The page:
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Stress in the German Language
If you have already started learning German, you know that the stress position is not always indicated in German dictionaries. Although there are general rules to determine the position of the stressed syllable, there are many German words that don't follow these rules. That means pronunciation of these words needs to be learned by heart.
This online tool automatically highlights stressed vowels in German words. It is designed to save you time – you will no longer need to look up the stress position in a dictionary.
This tool uses the same method to indicate the stressed vowel as in Duden dictionaries:
- A little dot under the letter – for short stressed vowels (for example: ụnter, Prozẹnt)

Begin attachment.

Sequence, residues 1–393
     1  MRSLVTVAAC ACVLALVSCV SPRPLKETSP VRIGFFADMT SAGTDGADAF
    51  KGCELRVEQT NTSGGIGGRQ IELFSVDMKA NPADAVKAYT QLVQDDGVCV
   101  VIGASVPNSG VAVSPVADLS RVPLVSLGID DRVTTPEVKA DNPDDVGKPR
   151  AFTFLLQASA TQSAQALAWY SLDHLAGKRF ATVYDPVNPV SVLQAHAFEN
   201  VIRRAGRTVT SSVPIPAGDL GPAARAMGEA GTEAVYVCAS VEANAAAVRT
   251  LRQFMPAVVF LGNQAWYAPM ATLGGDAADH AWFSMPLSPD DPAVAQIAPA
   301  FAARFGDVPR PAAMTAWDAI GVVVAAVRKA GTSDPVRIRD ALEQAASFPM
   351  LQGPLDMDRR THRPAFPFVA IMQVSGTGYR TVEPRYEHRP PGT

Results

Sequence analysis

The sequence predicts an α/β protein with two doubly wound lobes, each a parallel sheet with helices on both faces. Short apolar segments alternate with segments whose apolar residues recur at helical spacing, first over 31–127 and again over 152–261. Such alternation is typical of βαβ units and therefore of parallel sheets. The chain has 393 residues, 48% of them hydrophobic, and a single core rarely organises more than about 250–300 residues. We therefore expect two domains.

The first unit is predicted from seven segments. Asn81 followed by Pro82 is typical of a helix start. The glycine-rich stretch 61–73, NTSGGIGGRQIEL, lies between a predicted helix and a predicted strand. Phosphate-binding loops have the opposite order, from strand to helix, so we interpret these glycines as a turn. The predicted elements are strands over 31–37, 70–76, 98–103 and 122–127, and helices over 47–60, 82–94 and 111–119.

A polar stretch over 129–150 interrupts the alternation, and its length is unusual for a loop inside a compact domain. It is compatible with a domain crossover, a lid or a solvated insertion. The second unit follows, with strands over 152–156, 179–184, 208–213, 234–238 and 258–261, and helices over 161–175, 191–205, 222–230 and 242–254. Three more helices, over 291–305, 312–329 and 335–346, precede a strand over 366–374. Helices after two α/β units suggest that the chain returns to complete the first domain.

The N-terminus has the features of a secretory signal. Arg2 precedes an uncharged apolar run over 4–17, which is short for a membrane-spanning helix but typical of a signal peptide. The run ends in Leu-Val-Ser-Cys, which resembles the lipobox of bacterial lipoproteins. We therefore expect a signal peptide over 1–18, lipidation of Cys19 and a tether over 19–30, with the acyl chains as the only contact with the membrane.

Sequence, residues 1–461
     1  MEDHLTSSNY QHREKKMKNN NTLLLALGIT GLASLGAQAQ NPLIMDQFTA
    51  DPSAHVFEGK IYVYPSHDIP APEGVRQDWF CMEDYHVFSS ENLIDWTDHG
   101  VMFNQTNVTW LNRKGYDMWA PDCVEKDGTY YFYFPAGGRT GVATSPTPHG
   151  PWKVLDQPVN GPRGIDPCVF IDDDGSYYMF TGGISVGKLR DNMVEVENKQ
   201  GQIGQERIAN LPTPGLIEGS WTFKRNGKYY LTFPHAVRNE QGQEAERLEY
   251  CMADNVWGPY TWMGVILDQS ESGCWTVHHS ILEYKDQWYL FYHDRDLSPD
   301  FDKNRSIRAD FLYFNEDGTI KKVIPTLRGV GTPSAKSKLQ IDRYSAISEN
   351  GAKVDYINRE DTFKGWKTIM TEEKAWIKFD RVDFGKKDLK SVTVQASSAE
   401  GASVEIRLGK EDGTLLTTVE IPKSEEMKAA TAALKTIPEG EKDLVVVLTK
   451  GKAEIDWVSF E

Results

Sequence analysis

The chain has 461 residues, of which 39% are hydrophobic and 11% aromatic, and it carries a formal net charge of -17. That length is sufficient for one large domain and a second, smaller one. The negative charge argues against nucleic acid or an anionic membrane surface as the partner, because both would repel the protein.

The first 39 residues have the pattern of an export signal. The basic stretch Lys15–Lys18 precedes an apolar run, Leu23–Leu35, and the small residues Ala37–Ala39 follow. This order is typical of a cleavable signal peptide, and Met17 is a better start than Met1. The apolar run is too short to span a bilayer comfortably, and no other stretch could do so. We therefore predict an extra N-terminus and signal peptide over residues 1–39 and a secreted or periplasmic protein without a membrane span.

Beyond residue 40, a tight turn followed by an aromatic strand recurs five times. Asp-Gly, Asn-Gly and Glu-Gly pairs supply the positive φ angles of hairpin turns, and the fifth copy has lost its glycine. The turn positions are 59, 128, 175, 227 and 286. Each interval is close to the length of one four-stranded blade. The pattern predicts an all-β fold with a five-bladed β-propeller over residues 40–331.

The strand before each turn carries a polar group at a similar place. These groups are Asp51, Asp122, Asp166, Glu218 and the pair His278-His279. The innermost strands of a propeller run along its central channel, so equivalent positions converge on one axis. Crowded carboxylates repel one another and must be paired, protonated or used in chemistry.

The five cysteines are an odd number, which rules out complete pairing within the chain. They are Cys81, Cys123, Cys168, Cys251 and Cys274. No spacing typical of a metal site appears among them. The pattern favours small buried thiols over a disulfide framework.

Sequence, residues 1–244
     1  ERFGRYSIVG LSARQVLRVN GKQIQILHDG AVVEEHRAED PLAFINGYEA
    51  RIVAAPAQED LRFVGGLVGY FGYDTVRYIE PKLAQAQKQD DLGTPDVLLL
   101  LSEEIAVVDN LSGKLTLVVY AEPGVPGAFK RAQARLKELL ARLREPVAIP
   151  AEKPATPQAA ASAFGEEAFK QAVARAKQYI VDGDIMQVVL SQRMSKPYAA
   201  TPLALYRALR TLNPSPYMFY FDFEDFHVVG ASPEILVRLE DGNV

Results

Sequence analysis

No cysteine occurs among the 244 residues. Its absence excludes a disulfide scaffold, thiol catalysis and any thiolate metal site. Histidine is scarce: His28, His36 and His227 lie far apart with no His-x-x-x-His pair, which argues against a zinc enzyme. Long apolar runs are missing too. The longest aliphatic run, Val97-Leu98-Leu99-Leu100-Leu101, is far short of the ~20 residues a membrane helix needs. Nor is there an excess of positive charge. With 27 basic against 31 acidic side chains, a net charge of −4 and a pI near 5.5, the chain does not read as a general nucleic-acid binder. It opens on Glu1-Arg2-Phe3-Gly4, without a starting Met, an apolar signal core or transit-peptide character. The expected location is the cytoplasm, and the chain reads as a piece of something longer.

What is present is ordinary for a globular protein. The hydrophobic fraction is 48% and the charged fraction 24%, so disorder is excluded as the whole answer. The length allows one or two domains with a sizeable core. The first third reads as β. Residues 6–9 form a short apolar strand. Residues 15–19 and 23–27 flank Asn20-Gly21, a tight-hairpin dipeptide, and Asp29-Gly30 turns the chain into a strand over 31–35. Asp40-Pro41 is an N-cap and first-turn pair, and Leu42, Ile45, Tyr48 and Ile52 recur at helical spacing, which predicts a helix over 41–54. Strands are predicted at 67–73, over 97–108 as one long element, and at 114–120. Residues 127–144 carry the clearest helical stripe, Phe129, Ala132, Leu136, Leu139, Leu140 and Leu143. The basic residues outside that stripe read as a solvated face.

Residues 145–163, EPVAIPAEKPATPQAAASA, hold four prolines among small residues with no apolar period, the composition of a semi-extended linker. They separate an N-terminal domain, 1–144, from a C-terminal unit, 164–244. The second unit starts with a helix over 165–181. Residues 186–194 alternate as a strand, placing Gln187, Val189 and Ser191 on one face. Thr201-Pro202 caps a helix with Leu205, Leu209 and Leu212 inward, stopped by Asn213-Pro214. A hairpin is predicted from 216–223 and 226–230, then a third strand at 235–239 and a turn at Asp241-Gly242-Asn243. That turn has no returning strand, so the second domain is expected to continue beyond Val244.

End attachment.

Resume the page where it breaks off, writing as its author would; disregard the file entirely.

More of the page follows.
- A long line under the letter – for long stressed vowels and diphthongs (for example: Jahre, Auge)
Some German words with the same spelling can have different meanings depending on the placement of the stress. Compare:
- übersẹtzen (to translate),
- übersetzen (to ferry over, to cross over, to transmit).
These words are called homographs. After the conversion, these words will be highlighted in light green. If you hover your cursor over such word or tap it on your mobile device, you will see all the possible pronunciations.
Please note that this tool uses the new German spelling rules introduced with the German orthography reform in 1996. So, for example, the word "gewusst" will be converted, but the word "gewußt" will not.
Stress in German Words – Online Resources
- Phonetics and pronunciation glossary
- German dictionaries online – Project Modelino
- Standard German phonology – Wikipedia
- Duden dictionary online
Major updates related to this phonetic translator
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